In a November evening in 2012, we attended an architectural lecture at University of Toronto by Ryue Nishizawa (西沢立衛), one of the two principals of the world acclaimed architectural firm SANAA. In that lecture, he talked about several of his projects, including his recent projects (back then), the minimal Louvre Gallery in Lens of France and the sculptural teardrop of Teshima Art Museum (豊島美術館). At about the same time, he also finished an art gallery in Karuizawa, famous for the undulating gallery floor that resembles the natural terrain and the curvilinear glass enclosure of landscaped lightwells. Hiroshi Senju Museum of Karuizawa (軽井沢千住博美術館) was the main reason for our Karuizawa day trip out of Tokyo. Hiroshi Senju (千住博) is a Japanese painting known for his large scale waterfall paintings. He was the first Asian artist to receive a Honorable Mention at the Venice Biennale in 1995. Admiring Hiroshi Senju’s landscape paintings in Ryue Nishizawa’s landscape inspired architecture is like seeing art in a minimalist manmade forest in Karuizawa.
The museum is located out of the tourist area of Karuizawa. After getting off at the nearest bus stop, we walked a bit along a country road to reach the museum. A unique white sign greeted us at the museum forecourt.
Before seeing the white and minimalist main museum building, we passe by another interesting piece of architecture, the panel cladded visitor centre.
From the parking lot, a winding pathway led us to the entrance of the main museum building.
We entered the main exhibition space through the transparent entrance vestibule. From outside, it was impossible to imagine what surprises lie ahead in front of us.
Once inside, we were immediately captivated by the harmonious relationship between art, architecture and nature.
Walking on the gently sloping floor of the museum as if strolling on the pre-existing natural terrain of the site. Even the seating matches the curvilinear forested lightwells inside the exhibition space.
Curvilinear glass enclosure of various sizes create a number of naturalistic lightwells or miniature forests.
Walking between two lightwells felt like wandering through two art installations in a forest.
Other than the paintings by Hiroshi Senju, the lightwells of the building were definitely unique art pieces for me.
Back at the main parking lot, the sleek and dark visitor centre expresses a totally different tone.
While the main museum is all about its nature-inspired interior, the visitor centre contrastingly tells a form-driven design story.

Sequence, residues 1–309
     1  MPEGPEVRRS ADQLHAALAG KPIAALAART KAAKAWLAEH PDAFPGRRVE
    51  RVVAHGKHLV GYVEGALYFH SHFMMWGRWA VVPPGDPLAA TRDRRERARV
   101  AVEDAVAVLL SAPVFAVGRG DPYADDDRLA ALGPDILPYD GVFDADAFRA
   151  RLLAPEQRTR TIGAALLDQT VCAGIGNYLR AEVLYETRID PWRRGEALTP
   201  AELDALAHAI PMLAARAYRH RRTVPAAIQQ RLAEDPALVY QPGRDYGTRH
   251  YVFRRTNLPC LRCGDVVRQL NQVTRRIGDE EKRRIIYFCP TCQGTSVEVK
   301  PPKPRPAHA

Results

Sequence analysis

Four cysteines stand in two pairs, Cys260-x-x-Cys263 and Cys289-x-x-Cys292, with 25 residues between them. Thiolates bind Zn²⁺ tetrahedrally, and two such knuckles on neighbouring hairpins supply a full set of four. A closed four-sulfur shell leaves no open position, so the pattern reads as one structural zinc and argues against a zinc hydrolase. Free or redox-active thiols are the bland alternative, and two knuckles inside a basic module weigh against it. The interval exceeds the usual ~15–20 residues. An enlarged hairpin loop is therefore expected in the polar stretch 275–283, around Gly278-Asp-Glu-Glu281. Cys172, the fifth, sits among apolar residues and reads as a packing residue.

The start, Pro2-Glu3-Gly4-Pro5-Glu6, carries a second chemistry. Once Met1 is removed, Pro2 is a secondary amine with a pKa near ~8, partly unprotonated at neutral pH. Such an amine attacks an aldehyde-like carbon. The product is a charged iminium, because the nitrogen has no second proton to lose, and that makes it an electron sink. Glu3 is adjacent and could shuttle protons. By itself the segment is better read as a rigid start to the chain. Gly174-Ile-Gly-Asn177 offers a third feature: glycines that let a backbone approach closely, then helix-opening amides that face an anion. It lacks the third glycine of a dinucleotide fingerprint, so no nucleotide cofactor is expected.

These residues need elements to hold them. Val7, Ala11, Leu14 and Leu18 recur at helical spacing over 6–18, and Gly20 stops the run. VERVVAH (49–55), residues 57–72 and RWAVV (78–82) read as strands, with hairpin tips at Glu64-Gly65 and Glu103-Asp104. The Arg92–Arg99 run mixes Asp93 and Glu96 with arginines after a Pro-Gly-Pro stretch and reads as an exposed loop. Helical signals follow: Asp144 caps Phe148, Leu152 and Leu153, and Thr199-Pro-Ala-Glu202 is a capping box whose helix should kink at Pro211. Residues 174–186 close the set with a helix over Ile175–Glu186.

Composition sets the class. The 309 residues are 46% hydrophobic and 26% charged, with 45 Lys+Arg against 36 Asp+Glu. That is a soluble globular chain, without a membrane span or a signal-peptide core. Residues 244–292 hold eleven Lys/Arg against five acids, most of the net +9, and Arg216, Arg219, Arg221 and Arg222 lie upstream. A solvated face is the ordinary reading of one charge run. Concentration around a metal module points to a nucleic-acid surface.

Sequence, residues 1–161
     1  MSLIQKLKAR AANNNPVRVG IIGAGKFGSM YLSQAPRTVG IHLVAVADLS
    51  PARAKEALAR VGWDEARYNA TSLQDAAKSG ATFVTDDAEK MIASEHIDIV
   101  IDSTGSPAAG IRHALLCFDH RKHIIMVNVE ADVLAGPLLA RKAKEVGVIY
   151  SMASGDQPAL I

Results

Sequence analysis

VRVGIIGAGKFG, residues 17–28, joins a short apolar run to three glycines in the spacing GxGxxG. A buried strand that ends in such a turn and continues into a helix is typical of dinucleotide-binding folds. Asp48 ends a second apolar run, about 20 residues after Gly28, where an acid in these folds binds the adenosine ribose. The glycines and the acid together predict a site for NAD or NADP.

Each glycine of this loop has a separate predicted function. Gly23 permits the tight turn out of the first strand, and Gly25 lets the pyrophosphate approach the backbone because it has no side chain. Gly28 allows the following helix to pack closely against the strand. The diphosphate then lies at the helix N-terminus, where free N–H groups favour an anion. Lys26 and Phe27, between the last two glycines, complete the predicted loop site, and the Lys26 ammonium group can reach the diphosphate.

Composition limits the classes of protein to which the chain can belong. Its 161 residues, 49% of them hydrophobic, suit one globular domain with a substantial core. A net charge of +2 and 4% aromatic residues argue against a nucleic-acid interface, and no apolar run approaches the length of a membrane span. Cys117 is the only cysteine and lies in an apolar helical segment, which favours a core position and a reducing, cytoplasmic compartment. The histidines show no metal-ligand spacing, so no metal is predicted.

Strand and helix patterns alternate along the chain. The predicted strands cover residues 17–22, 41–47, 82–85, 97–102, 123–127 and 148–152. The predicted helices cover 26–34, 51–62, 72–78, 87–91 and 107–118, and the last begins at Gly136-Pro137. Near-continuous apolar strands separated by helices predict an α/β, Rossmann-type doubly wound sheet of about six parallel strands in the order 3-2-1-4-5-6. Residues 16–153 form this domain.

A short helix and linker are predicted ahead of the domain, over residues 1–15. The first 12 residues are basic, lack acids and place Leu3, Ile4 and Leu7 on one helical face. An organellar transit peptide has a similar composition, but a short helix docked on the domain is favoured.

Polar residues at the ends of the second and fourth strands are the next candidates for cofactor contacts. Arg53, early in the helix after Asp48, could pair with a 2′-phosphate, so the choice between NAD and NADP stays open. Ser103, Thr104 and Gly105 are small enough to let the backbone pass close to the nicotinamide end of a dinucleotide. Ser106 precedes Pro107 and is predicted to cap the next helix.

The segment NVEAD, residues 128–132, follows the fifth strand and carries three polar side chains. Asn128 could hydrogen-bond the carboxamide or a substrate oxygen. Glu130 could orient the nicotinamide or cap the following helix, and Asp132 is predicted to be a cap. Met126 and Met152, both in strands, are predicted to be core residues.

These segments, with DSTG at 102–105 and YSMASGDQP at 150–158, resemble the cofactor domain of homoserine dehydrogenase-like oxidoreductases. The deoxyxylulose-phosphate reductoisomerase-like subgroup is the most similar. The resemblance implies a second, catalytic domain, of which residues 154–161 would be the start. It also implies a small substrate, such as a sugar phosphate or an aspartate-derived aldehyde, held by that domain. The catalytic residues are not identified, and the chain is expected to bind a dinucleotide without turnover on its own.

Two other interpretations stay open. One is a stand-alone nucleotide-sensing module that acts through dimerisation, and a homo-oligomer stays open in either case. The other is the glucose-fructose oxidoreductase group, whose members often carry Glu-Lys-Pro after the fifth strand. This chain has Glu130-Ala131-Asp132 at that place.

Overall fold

At the foot of Mt. Asama, Honshu’s most active volcano, stands a mountain resort town that first captivated the attention of Westerners in late 19th century. Since then, it grew into a summer resort for many Tokyo residents, including the royal family. In the 1970s, John Lennon and Yoko Ono spent several summers at Karuizawa for retreat. Today, the shinkansen bullet train takes a little over an hour to connect Karuizawa and Tokyo, a rather convenient day trip for visitors who want to take a break from the bustling scenes of the Japanese capital. Visitors come for the natural scenery, the Westernized old town, the interesting galleries, the large shopping outlet right by the railway station, or just a breathe of cool air and peaceful atmosphere to escape the summer heat in urban Tokyo.
Outside the railway station, the tranquil air of the countryside offers a big contrast from the dense and intense urban scene of Tokyo. On the south side stands the large shopping outlet, and the north side rows of pitched roof houses and streets leading into the old town centre. It’s about a half hour walk from the railway station to the town centre.
In the town centre of Karuizawa, one of the busiest restaurant is Kawakamian (川上庵), a delightful restaurant specialized in soba buckwheat noodles.
The dining area of Kawakamian (川上庵) was fully occupied when we were there.
At Kawakamian (川上庵), we ended up getting a table at the outdoor terrace.
Duck meat soba noodles of Kawakamian (川上庵).
Tempura vegetable and shrimp with soba at Kawakamian (川上庵).
There are a few patisserie shops in Karuizawa. Gateau des Clochette (ガトゥ・デ・クロシェット) is a popular one with tourists.
A row of old timber houses at the high street of Karuizawa (旧軽井沢銀座通り) reveals the former European atmosphere of the town.
Cafes, restaurants, patisserie shops and souvenir stores can be found at the pedestrian high street of Karuizawa.
Dairy products from the area is popular among visitors.
This doll house-like timber house is a popular cafe on the high street.
In the new town centre, we passed by a flea market selling all kinds of old household items in a parking lot.
Halfway between the old town and the railway station, the Karuizawa New Art Museum (軽井沢ニューアートミュージアム) offers tourists and the local community a pleasant stop for art exhibitions.
Directly south of the railway station is the large retail outlet frequented by tourists. The environment of the outlet is completely different than the high street of the old town.
A water pond in the middle of the outlet offers a pleasant park setting for shoppers.
Right by the pond is the circular restaurant pavilion. The openness and scale of the outlet made me feel like traveling in North America.
Shinkansen bullet train makes the trip from Tokyo to Karuizawa in a little over an hour.